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The San Dieguito River Park
18372 Sycamore Creek Rd.
Escondido, CA 92025
Phone: (858) 674-2270
Fax: (858) 674-2280



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River Park mailing list

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The River Park has converted from a print-based distribution system to a web-based system. If you are interested in receiving e-mail notices when the quarterly activity schedule is posted to the website, and news of special events occurring in the Park, click above to send us an e-mail.

Sikes Adobe Historic Farmstead

* * *

The Sikes Adobe Farmhouse is a State Point of Historic Interest and a City of San Diego historic site that is being restored by the San Dieguito River Park Joint Powers Authority to its period of significance – the period from 1869 to 1899 – which is the time period when it was occupied by the Sikes family. From it we can learn what life was like for the pioneer settlers in San Diego shortly after statehood. The Farmhouse was initially restored in January 2004. In October 2007 it was burned to the ground except for the adobe walls. Rebuilding began in August 2009. The Grand Re-Opening Ceremony was held June 26, 2010. Click here for photos of the Grand Opening Ceremony. June 26, 2011 - New Interior and Exterior Interpretive Exhibits by Consultant David Krimmel were Unveiled.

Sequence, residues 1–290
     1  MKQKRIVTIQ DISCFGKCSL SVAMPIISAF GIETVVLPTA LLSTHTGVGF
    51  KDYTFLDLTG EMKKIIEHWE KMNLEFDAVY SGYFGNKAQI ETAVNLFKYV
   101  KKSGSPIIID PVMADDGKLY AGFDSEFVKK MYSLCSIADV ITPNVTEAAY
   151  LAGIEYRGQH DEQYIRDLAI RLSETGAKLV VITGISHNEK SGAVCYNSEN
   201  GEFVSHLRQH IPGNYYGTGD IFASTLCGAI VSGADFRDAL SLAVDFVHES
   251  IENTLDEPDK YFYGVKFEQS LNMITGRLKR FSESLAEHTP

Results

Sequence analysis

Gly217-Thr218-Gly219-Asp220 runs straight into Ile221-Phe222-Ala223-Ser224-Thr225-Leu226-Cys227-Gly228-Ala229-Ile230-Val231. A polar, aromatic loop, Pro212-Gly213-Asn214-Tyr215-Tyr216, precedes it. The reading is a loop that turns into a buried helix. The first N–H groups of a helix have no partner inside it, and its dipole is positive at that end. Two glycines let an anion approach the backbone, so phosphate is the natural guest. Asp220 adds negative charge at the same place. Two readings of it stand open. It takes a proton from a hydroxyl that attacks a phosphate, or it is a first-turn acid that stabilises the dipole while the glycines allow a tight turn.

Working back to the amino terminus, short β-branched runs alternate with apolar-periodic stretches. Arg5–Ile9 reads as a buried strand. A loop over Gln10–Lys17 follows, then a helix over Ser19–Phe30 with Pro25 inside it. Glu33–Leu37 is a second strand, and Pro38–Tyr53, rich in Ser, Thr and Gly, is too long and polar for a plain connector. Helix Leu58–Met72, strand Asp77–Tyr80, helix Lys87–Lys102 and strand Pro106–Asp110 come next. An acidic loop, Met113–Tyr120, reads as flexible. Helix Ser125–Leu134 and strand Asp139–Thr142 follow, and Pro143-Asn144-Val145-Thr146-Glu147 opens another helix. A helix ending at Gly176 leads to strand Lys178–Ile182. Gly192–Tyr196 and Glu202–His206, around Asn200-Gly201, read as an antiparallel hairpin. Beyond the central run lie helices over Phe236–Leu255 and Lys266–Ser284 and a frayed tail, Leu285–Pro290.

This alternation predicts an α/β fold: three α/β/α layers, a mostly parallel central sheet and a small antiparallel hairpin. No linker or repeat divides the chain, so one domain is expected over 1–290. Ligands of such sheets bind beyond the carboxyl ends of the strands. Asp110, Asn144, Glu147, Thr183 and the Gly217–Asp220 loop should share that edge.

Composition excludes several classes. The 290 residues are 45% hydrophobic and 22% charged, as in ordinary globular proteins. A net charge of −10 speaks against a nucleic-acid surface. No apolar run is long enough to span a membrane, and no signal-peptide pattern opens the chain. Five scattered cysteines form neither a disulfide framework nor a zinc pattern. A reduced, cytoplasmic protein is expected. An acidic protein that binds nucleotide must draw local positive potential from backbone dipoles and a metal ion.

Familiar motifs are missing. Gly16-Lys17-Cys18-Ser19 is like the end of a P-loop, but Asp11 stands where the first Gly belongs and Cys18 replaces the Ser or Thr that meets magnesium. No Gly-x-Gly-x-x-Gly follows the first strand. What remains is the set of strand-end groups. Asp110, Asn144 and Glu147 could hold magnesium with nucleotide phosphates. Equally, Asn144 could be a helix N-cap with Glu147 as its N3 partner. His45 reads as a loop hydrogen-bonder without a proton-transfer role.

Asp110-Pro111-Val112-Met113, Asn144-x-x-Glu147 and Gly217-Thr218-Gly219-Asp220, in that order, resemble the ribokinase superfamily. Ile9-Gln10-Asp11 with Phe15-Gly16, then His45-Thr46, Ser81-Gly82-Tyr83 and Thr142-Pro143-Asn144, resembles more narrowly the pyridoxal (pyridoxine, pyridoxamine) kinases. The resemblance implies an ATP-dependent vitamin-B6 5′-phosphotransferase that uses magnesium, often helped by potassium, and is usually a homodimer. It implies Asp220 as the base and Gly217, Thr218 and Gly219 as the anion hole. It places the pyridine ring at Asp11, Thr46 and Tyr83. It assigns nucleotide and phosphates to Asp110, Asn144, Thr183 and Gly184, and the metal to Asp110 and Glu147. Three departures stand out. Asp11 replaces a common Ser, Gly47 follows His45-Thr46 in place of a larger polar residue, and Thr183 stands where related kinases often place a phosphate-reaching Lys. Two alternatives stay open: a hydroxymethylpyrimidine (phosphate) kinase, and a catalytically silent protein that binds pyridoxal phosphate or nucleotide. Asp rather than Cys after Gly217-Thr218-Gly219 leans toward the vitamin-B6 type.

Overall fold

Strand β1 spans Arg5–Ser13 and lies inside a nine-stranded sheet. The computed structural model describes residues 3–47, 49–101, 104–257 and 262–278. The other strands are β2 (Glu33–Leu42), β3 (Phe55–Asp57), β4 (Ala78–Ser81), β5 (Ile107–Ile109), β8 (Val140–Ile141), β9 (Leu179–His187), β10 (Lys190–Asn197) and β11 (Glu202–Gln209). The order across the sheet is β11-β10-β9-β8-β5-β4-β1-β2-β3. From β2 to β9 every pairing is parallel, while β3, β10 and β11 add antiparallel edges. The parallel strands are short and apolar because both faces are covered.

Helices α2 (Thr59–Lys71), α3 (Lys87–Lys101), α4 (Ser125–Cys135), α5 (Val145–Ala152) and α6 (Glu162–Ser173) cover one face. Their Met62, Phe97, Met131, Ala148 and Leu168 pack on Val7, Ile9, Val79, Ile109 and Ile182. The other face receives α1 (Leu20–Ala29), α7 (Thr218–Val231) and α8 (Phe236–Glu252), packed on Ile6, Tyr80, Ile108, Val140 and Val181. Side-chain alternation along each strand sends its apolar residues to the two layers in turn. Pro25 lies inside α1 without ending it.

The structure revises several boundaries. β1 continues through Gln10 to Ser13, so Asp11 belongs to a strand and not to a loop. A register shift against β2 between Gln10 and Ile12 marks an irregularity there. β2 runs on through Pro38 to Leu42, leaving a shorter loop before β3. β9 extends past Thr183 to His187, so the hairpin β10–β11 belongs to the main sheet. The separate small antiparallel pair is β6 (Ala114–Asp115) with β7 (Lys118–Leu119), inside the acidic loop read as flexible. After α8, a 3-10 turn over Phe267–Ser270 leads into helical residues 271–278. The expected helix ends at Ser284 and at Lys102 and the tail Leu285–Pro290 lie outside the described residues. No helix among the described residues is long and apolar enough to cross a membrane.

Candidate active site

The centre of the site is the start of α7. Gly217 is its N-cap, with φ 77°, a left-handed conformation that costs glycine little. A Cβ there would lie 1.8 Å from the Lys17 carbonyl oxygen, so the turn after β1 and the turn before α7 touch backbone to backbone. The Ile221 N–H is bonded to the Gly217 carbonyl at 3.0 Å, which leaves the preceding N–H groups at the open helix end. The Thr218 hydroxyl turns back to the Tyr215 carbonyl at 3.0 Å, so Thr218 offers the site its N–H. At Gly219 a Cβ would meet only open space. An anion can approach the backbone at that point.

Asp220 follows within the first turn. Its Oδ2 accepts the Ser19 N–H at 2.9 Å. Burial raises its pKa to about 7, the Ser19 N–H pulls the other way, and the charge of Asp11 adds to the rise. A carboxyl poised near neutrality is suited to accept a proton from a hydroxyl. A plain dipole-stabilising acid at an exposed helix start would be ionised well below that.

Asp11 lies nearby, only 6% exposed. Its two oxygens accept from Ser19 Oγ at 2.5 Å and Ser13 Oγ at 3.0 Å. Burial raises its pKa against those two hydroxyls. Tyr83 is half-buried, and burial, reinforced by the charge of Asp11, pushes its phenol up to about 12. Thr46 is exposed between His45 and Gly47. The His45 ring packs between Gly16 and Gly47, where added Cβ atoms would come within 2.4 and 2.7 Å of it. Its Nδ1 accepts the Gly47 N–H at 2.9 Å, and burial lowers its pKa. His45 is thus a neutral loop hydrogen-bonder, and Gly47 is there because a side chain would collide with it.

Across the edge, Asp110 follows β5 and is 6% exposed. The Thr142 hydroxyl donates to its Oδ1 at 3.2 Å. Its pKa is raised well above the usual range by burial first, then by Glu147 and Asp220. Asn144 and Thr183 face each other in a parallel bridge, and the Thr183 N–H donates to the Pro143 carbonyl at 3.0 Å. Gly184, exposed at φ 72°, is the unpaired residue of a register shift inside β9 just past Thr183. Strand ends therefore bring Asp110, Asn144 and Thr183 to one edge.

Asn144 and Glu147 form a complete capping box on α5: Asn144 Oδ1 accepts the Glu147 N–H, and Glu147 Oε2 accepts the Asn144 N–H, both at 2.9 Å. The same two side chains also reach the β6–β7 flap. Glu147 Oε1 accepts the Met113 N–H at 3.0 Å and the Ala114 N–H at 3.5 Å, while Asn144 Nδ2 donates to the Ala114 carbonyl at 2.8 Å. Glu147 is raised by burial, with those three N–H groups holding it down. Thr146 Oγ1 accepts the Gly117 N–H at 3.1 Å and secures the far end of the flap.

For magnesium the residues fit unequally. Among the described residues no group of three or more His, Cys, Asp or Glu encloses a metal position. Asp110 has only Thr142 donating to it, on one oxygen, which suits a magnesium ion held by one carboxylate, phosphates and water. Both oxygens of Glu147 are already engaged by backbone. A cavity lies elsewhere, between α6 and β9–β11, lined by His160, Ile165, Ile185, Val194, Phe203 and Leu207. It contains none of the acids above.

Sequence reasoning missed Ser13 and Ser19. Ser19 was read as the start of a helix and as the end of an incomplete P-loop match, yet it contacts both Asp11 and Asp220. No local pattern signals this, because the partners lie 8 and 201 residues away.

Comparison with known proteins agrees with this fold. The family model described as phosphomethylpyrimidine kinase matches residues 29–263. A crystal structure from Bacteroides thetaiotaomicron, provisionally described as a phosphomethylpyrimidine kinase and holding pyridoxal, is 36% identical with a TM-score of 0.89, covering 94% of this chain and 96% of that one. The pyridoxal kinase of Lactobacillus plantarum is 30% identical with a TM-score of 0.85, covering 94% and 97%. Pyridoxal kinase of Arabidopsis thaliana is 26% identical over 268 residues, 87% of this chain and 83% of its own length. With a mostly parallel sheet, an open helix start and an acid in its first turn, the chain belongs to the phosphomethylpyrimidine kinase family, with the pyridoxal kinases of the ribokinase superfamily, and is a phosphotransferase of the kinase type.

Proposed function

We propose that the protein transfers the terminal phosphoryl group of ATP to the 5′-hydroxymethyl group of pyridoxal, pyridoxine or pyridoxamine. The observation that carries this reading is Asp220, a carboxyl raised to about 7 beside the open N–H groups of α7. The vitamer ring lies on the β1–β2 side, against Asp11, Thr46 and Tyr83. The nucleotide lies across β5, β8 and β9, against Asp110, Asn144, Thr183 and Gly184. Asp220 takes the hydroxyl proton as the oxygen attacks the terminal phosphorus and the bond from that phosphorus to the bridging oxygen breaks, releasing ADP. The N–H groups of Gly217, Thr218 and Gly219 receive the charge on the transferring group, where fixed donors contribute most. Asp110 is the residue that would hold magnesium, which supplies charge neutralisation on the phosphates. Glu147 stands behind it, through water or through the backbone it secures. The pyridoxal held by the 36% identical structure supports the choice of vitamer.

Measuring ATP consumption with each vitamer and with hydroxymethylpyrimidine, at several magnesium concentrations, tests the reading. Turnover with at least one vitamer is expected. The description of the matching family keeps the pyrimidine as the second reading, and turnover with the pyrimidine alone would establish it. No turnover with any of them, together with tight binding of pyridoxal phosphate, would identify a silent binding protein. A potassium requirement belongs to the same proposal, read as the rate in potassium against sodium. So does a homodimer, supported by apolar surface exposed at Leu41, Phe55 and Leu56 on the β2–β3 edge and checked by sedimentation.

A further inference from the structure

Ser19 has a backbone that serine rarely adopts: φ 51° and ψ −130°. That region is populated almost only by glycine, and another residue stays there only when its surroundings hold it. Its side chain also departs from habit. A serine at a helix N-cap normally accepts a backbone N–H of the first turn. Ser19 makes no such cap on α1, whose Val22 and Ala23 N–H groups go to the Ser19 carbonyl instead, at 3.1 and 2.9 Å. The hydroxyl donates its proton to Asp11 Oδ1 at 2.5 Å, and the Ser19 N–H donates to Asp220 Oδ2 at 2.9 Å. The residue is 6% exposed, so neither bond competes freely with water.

The Sikes Adobe Historic Farmhouse, located at 12655 Sunset Drive, Escondido, the gateway to the San Pasqual Valley, is open for docent-led tours

10:00 a.m. to 1 p.m. Tuesdays and Thursdays
10 a.m. to 1 p.m. on Saturdays and
10 a.m. to 4:00 p.m. Sundays

A $3.00 donation per person at the door is requested.

Call (760) 432-8318 or email

Click here for the Activities Calendar to see all the fun things on offer at the Sikes Adobe Historic Farmstead.

Projects and Events at the Sikes Adobe Historic Farmstead

Photos above courtesy of Jim Coffee


History of the Sikes Adobe Farmhouse and the Sikes Family

Goals for the Sikes Adobe Historic Farmstead

Interpretive Themes

Status of the Sikes Adobe Historic Farmstead Today

Docent Tours/Docent Recruitment


Ancestors and Descendants of Zenas Sikes, Jr - new edition available, donated by Ron Hall.

Archive Information and Activities at the Sikes Adobe

Post-Fire Rebuilding

Archive Information and Activities at the Sikes Adobe
SDRP Hires Sikes Adobe Museum Manager, Anne Cooper (December 2007)

Tea for Colonial Dames (May 2007)
Wallpaper reproduction (October-November 2006; Update February 2007;
Additional Update March 2007)
Creamery Restoration (partial) (July 2006)
Windmill Restoration
by the Escondido and Rancho Bernardo Sunrise Rotary Clubs (June/July 2005)
Ice Cream Social (July 2005)
Saturday Mornings at Sikes Crafts Series
Songs of the Settlers Benefit Concert (October 3rd, 2004)
Grand Opening Celebration (January 31, 2004)
Farmhouse Restoration - Construction Progress (Before and After) Photos (April 2003-January 2004)


Status of the Sikes Adobe Historic Farmstead Today